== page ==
As the Yale Center Beijing celebrates its fifth anniversary, the University plans to continue robust programming at the center and further develop its relationship with China.
Located in the Chaoyang District of Beijing, the center is administered by the Yale School of Management on behalf of the University. University President Peter Salovey created the center in October 2014 in an effort to bridge University interests in Asia and enhance Yale’s global presence. According to the most recent YCB report, released annually, the center aims to maintain and promote its “standing as one of the most vibrant foreign university centers in China.” The report also cites plans to facilitate and organize educational programs for intellectuals from “China, the U.S. and beyond.”
“Since its establishment on October 27, 2014, YCB is Yale University’s first and only university-wide center outside of the United States” YCB executive director Carol Li Rafferty ’00 wrote in the center’s latest annual report. “Over the past half-decade, YCB has become a prominent convening space that engages scholars and thought leaders in dialogues that foster openness, connectedness, and innovation.”
Aside from hosting various events and programs, YCB serves as a gathering place for alumni throughout Asia and allows the University to foster relationships with Chinese leaders. YCB is one of three key centers Yale has in the world — the others being the Paul Mellon Centre for Studies in British Art in London and Yale-NUS in Singapore.
According to the 2018–2019 report on YCB, the center will continue its two main speaker series — Yale Starlight Science Series and Greenberg Distinguished Colloquium. The center will also continue to convene leaders to discuss important issues through events like the Yale SOM-Sequoia China Leadership Program and the Women’s Leadership Program.
In the report, Rafferty praised YCB’s increase in programs featuring Yale faculty, students and alumni — a figure which has grown from 35 percent of the Center’s activities in 2014 to nearly 70 percent this year. According to the report, YCB has attracted more than 32,000 visitors over the past five years. Many of Yale’s faculty have spoken at YCB, including Yale College Dean Marvin Chun, School of Music Dean Robert Blocker and School of Public Health Dean Sten Vermund.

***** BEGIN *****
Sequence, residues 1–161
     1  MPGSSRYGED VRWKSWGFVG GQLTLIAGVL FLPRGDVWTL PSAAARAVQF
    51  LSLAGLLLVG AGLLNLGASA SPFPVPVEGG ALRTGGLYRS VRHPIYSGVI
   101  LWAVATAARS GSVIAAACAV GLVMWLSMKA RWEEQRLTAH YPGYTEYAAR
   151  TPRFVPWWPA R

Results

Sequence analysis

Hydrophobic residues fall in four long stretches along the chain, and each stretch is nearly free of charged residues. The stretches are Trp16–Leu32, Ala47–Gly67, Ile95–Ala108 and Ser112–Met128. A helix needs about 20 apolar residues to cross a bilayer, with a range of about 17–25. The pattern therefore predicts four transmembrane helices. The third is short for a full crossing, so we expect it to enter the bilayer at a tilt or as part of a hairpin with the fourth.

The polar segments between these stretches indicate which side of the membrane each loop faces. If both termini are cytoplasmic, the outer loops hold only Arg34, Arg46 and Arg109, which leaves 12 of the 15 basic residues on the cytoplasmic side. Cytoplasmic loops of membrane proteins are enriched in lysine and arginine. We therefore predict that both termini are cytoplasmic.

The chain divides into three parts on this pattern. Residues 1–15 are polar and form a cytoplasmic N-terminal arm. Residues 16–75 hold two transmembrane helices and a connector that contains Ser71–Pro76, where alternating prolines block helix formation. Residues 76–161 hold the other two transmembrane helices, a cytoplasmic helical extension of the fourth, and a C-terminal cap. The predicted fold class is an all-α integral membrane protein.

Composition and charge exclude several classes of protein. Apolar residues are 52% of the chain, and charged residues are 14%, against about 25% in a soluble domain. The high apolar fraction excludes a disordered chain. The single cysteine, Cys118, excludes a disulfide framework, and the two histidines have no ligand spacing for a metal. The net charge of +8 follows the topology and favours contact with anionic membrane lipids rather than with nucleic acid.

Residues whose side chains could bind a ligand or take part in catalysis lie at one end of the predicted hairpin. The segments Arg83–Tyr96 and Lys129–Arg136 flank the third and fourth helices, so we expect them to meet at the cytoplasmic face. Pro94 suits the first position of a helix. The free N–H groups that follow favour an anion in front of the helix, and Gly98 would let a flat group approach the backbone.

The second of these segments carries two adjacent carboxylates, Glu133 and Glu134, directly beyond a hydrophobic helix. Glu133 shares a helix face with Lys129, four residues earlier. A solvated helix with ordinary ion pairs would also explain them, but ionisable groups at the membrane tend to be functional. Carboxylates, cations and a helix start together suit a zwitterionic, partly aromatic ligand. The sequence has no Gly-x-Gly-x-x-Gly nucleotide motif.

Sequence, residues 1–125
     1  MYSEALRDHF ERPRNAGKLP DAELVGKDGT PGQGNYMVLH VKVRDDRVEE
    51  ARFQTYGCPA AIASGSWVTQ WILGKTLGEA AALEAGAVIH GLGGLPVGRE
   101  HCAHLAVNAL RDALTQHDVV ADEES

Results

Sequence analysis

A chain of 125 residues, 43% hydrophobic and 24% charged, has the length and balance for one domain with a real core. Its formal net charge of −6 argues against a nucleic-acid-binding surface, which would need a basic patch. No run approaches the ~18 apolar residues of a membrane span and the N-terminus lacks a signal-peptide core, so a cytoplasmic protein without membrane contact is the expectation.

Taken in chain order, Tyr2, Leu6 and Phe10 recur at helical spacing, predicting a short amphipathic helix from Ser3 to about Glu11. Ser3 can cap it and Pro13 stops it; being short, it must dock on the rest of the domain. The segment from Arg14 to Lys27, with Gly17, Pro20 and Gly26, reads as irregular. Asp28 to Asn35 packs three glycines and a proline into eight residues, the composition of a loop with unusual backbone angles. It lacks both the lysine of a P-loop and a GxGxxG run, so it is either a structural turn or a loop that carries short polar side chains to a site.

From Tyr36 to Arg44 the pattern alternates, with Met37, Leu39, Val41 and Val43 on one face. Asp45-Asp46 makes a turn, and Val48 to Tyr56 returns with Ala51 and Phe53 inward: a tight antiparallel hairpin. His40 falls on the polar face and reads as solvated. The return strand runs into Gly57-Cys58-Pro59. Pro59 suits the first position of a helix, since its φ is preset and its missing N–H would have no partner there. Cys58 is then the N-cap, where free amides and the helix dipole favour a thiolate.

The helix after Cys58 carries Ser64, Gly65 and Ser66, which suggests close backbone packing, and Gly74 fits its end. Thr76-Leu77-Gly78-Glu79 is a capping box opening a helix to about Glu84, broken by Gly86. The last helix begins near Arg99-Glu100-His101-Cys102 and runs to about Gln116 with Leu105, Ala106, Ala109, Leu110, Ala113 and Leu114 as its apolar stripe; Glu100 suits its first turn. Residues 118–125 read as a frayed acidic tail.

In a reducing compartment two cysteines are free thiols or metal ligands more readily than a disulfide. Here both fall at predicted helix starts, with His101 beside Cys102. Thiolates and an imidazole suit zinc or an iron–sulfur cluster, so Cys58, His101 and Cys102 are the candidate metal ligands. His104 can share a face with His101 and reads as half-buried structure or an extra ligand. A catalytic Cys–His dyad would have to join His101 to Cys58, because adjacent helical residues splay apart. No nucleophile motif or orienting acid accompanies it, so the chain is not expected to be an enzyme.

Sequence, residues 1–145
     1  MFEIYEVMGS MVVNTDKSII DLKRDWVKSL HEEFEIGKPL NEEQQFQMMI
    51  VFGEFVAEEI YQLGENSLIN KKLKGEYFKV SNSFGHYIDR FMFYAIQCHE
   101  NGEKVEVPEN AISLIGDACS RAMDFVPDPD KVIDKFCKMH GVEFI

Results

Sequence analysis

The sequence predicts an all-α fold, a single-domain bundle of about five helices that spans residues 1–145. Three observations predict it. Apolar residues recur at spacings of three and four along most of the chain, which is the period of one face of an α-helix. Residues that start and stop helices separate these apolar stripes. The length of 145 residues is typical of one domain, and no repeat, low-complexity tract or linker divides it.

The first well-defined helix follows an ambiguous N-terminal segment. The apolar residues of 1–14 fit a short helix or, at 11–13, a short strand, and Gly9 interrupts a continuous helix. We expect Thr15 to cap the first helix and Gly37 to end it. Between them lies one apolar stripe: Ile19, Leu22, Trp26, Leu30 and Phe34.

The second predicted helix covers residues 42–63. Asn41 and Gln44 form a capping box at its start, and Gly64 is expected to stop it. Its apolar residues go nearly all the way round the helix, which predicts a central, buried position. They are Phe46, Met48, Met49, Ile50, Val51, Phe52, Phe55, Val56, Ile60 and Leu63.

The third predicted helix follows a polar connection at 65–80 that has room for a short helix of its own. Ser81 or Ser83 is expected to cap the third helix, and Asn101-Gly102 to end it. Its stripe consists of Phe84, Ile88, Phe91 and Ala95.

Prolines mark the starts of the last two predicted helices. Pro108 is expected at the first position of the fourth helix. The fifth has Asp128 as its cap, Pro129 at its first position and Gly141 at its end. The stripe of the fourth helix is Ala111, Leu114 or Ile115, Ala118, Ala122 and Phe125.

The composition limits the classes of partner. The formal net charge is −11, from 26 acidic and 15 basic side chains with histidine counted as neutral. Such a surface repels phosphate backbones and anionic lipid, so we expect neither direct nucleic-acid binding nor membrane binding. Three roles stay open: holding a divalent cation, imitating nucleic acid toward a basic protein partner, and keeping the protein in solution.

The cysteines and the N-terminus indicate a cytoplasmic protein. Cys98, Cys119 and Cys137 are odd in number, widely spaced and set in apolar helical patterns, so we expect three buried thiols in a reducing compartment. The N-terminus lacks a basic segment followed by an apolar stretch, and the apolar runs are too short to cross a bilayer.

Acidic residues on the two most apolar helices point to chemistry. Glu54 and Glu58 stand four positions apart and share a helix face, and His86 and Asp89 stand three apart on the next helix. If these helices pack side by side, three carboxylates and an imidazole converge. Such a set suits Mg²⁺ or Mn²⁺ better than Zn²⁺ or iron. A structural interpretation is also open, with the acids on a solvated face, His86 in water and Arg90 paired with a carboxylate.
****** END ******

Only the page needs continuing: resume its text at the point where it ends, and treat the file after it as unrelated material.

“We’ll continue to maintain what we’ve been doing well, but also kind of highlight the university initiative,” Rafferty told the News in an interview. “Because we were the first university-wide center, we brought professors from the Yale School of Drama, the School of Medicine, [School of] Architecture. Everyone — every school — has been to the center, and it’s really a great place for people who would not be able to travel to Yale University to experience it in … a more accessible way.”
Rafferty said that Yale’s decision to open its first and only university-wide center in Beijing was very symbolic. According to Rafferty, “no matter what happens” between the United States and China, the interaction between the two countries is the “single-most important bilateral relationship of the century and the future.” Rafferty added that Beijing, as the Chinese capital, is an “important place” for top academic institutions in the world to be present.
YCB Assistant Director Devin Lau ’09 echoed Rafferty and added that five years after the center’s start, the relationship between China and the U.S. has become “even more crucial.” YCB helps find solutions to global issues, according to Lau, who noted that such problem-solving is important in a world quick to “oversimplify or even completely disengage.”
“Many of the top universities’ mission is really to help humanity to progress, to tackle the most important challenges that we as the world face, whether it’s the environment, whether it’s peace, whether it’s sustainability, energy, poverty,” Rafferty said. “All of these things are problems that transcends borders and national boundaries.”
Lau — YCB’s unofficial representative in New Haven — told the News that there are many unknown and underutilized resources at Yale, such as the Paul Tsai China Center and Yale-China Association.
While Lau noted that the purposes of each of these groups vary, YCB works closely with different Yale programs to form a “stronger connection” between New Haven and China.
“The reality is that nowadays, no matter what field you’re in, it’s hard to avoid dealing with China in some way,” Lau said. “And we’ve found that having a physical space in China for Yale faculty, students and alumni has really helped people to do that, especially for those who may not have as much familiarity with China.”
University Vice President for Global Strategy Pericles Lewis said that the center’s function as a physical space in China helps the university interact with the Chinese public through conferences and the “sharing of information.” Yale Young Global Scholars and admissions events have taken place at YCB, which Lewis said allows Yale to showcase its work to Chinese audiences. SOM Deputy Dean for Executive Programs David Bach ’99 said that YCB is key for collaborating between the two countries. According to Bach, SOM has more alumni in China than any other country outside the U.S.
According to the report, YCB’s official WeChat account has reached over 3.5 million views.
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